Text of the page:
118 Rajamani, n. 59 above, p. 354.

119 Nuclear Tests, n. 91 above, para. 41.

120 Ibid.

121 Ibid.

122 Guiding Principles, n. 95 above, Principle 7. See also Nuclear Tests, n. 91 above, para. 51; Armed Activities on the Territory of the Congo, n. 99 above, paras 50 and 52.

123 INDC of China, n. 29 above, p. 5. See also, e.g., Republic of the Philippines, ‘Intended Nationally Determined Contributions’, 1 Oct. 2015, p. 1, available at: http://www4.unfccc.int/Submissions/INDC/Published%20Documents/Philippines/1/Philippines%20-%20Final%20INDC%20submission.pdf (‘recognizes its responsibility to contribute its fair share in global climate action’) (INDC of the Philippines).

124 Decision 1/CP.20, n. 15 above, para. 14.

125 INDC of the US, n. 28 above, p. 1.

126 See, e.g., Rio Declaration on Environment and Development, adopted by the UN Conference on Environment and Development, Rio de Janeiro (Brazil), 3–14 June 1992, UN Doc. A/CONF.151/26/Rev.1 (Vol. I), 14 June 1992, Principle 2, available at: http://www.un.org/documents/ga/conf151/aconf15126-1annex1.htm; and generally Mayer, B., ‘The Relevance of the No-Harm Principle to Climate Change Law and Politics’ (2016) 19(1) Asia Pacific Journal of Environmental Law, pp. 79104 .

127 See, in particular, Art. 4.1(b) and 4.2(a) UNFCCC.

128 On a construction of the UNFCCC regime as a collective effort to promote compliance with the no-harm principle, see Mayer, n. 49 above.

129 See, e.g., INDC of China, n. 29 above.

130 See n. 102 above and accompanying text.

131 See n. 120 above.

132 INDC of India, n. 31 above, p. 30.

133 See, e.g., Lao People’s Democratic Republic, ‘Intended Nationally Determined Contribution’, 30 Sept. 2015, p.3, available at: http://www4.unfccc.int/Submissions/INDC/Published%20Documents/Laos/1/Lao%20PDR%20INDC.pdf. For other non-specific adaptation targets see, e.g., INDC of China, n. 29 above, p. 5 (end of section I); Ministry of Environment and Forest of the Government of the People’s Republic of Bangladesh, ‘Intended Nationally Determined Contributions’, 25 Sept. 2015, p. 10 (section 3.2), available at: http://www4.unfccc.int/Submissions/INDC/Published%20Documents/Bangladesh/1/INDC_2015_of_Bangladesh.pdf; INDC of the Philippines, n. 123, above, pp. 4–5; INDC of India, n. 31 above, pp. 19–20.

134 See ‘Zambia’s Intended Nationally Determined Contribution (INDC) to the 2015 Agreement on Climate Change’, 29 Sept. 2015, p. 7, available at: http://www4.unfccc.int/Submissions/INDC/Published%20Documents/Zambia/1/FINAL+ZAMBIA’S+INDC_1.pdf (noting that the adaptation component of its INDC ‘does not constitute an international obligation’).

135 INDC of the EU, n. 27 above; INDC of the US, n. 28 above.

136 ‘Submission of Japan’s Intended Nationally Determined Contribution (INDC)’, 17 July 2015, available at: http://www4.unfccc.int/Submissions/INDC/Published%20Documents/Japan/1/20150717_Japan’s%20INDC.pdf (INDC of Japan).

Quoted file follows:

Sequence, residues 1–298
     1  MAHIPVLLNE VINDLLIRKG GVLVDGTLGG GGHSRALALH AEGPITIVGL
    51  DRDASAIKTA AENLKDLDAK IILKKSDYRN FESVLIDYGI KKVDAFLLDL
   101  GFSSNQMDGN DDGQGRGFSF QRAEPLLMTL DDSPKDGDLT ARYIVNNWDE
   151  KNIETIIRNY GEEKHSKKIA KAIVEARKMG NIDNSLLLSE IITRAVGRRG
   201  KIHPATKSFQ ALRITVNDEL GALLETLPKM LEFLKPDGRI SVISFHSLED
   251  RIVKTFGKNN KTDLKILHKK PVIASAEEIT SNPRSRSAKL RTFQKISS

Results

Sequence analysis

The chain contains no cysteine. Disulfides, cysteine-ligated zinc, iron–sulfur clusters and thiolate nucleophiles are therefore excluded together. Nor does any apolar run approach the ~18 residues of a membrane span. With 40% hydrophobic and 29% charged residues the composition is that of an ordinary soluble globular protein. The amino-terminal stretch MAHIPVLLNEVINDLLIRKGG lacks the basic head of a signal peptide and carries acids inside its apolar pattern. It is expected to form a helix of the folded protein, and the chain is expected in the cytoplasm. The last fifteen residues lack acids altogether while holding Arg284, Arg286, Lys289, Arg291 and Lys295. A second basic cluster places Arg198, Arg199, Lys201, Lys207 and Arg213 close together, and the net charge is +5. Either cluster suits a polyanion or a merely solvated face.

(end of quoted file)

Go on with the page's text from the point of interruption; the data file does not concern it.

137 ‘Submission by the Republic of Macedonia: Intended Nationally Determined Contributions’, 4 Aug. 2015, p. 3, available at: http://www4.unfccc.int/submissions/INDC/Published%20Documents/The%20former%20Yugoslav%20Republic%20of%20Macedonia/Submission_Republic_of_Macedonia_20150805144001_135181.pdf.

138 Federative Republic of Brazil, ‘Intended Nationally Determined Contribution towards Achieving the Objective of the United Nations Framework Convention on Climate Change’, 28 Sept. 2015, p. 1, available at: http://www4.unfccc.int/Submissions/INDC/Published%20Documents/Brazil/1/BRAZIL%20iNDC%20english%20FINAL.pdf.

139 See, by analogy, Asghar Leghari v. Federation of Pakistan (W.P. No. 25501/2015), Lahore High Court Green Bench, Orders of 4 and 14 Sept. 2015.

140 ‘Australia’s Intended Nationally Determined Contribution to a New Climate Change Agreement’, 11 Aug. 2015, p. 1, available at: http://www4.unfccc.int/Submissions/INDC/Published%20Documents/Australia/1/Australias%20Intended%20Nationally%20Determined%20Contribution%20to%20a%20new%20Climate%20Change%20Agreement%20-%20August%202015.pdf (INDC of Australia). See also ‘South Africa’s Intended Nationally Determined Contribution (INDC)’, 25 Sept. 2015, p. 3, available at: http://www4.unfccc.int/Submissions/INDC/Published%20Documents/South%20Africa/1/South%20Africa.pdf (INDC of South Africa).

141 INDC of Australia, ibid., p. 1.

142 See ‘Conclusions of the European Council’, EUCO 169/14, 23–24 Oct. 2014, paras 1–6, available at: http://www.consilium.europa.eu/uedocs/cms_data/docs/pressdata/en/ec/145397.pdf.

143 See the statements reported in A. Vishnoi & D.R. Chaudhury, ‘Dismissing Donald Trump’s Snarl, India Vows To Stay on the Green Path’ The Economic Times, 3 June 2017, available at: https://economictimes.indiatimes.com/news/politics-and-nation/dismissing-donald-trumps-snarl-india-vows-to-stay-on-the-green-path/articleshow/58969162.cms.

144 See, e.g., INDC of South Africa, n. 140 above, p. 7.

145 See, e.g., Republic of Indonesia, ‘Intended Nationally Determined Contribution’, 24 Sept. 2015, pp. 5–6, available at: http://www4.unfccc.int/Submissions/INDC/Published%20Documents/Indonesia/1/INDC_REPUBLIC%20OF%20INDONESIA.pdf.

146 See, e.g., INDC of Japan, n. 136 above, p. 4, available at: http://www4.unfccc.int/Submissions/INDC/Published%20Documents/Japan/1/20150717_Japan’s%20INDC.pdf.

147 Decision 1/CP.19, n. 15 above, para. 2(c); see also Decision 1/CP.20, n. 15 above, para. 8.

148 See n. 113 above and accompanying text.